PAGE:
TABLE 1______________________________________LINE STATES______________________________________IDLE No activity on telephone line.RING Ring signal present on telephone line.INTER-RING Between rings.SERVICED Line off hook and not on hold; includes the states of VOICE, in which the presence of voice signals is detected on telephone line, and NO-VOICE, in which the absence of voice signals is detected on telephone line.ON HOLD Off hook line placed on hold.______________________________________
TABLE 2______________________________________EXAMPLE OF LOG FOR CALL ON LINE k______________________________________k:hhmmss; Call initiated on line k at clock time hh mm ss;R:ET1; Call entered RING state at elapsed time ET1;IR:ET2; Call entered INTER-RING state at elapsed time ET2;R:ET3; Call entered RING state at elapsed time ET3;V:ET4; Call entered VOICE state at elapsed time ET4;NV:ET5; Call entered NO-VOICE state at elapsed time ET5;V:ET6; Call entered VOICE state at elapsed time ET6;H:ET7; Call entered ON HOLD state at elap- sed time ET7;V:ET8; Call entered VOICE state at elapsed time ET8;I:ET9; Call entered IDLE state at elapsed time ET9;C:ET10. Coded signal C entered by operator at elapsed time ET10.______________________________________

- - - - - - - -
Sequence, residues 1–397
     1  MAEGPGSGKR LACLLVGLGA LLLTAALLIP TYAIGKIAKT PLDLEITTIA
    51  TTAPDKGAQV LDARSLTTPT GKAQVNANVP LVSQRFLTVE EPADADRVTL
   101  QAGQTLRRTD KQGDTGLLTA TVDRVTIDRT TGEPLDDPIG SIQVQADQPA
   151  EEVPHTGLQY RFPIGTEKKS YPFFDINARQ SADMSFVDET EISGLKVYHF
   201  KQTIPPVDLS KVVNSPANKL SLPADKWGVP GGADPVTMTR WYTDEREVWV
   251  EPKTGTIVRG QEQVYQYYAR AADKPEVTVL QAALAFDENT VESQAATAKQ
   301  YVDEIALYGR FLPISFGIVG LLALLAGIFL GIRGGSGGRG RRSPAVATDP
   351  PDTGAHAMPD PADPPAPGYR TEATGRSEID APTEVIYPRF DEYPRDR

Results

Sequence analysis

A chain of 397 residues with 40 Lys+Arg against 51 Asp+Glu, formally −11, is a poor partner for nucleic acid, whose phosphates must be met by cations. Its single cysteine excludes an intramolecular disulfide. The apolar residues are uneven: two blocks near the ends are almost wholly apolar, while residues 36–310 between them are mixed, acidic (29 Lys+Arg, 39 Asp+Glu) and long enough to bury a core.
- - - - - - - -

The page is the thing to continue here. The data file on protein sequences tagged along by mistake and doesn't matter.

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|U.S. Classification||379/32.04, 379/386|
|International Classification||H04M3/51, H04M3/36|
|Cooperative Classification||H04M3/51, H04M3/36|
|European Classification||H04M3/36, H04M3/51|
|Oct 12, 1983||AS||Assignment|
Owner name: MORGAN INDUSTRIES, INC., GURNEE, IL A CORP OF DE
Free format text: ASSIGNMENT OF ASSIGNORS INTEREST.;ASSIGNOR:BUCHBERGER, GREGORY D.;REEL/FRAME:004185/0007
Effective date: 19831011
|Jun 7, 1989||FPAY||Fee payment|
Year of fee payment: 4
|Jul 5, 1990||AS||Assignment|
Owner name: THEIS, PETER F., ILLINOIS
Free format text: ASSIGNMENT OF ASSIGNORS INTEREST.;ASSIGNOR:MORGAN INDUSTRIES INC.;REEL/FRAME:005357/0475
Effective date: 19881227
|Aug 24, 1992||AS||Assignment|
Owner name: THEIS RESEARCH, INC., ILLINOIS
Free format text: SECURITY INTEREST;ASSIGNOR:THEIS, PETER F.;REEL/FRAME:006241/0499
Effective date: 19910627
|May 28, 1993||FPAY||Fee payment|
Year of fee payment: 8
|Apr 10, 1995||AS||Assignment|
Owner name: ILLINOIS TECHNOLOGY TRANSFER, L.L.C., ILLINOIS
Free format text: ASSIGNMENT OF ASSIGNORS INTEREST;ASSIGNOR:THEIS, PETER F.;REEL/FRAME:007428/0303
Effective date: 19950103
|May 19, 1997||FPAY||Fee payment|
Year of fee payment: 12